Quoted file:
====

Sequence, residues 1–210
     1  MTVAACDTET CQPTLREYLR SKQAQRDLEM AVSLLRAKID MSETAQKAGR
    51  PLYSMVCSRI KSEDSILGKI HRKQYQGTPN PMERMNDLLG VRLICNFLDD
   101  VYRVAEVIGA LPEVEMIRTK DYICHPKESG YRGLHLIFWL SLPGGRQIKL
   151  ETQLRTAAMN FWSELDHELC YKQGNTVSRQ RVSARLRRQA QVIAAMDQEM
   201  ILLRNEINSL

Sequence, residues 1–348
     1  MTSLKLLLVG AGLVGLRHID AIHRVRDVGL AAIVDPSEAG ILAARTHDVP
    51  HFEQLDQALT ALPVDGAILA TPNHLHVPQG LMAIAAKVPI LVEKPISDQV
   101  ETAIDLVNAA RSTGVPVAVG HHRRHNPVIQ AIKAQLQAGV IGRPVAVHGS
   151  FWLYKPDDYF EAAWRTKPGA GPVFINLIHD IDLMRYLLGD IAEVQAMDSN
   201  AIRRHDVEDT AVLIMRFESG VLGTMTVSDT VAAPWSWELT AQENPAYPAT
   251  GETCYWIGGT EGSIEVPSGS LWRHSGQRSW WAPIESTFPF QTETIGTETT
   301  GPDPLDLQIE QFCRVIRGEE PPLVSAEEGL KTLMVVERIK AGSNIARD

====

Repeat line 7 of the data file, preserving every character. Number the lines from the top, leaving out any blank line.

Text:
Sequence, residues 1–348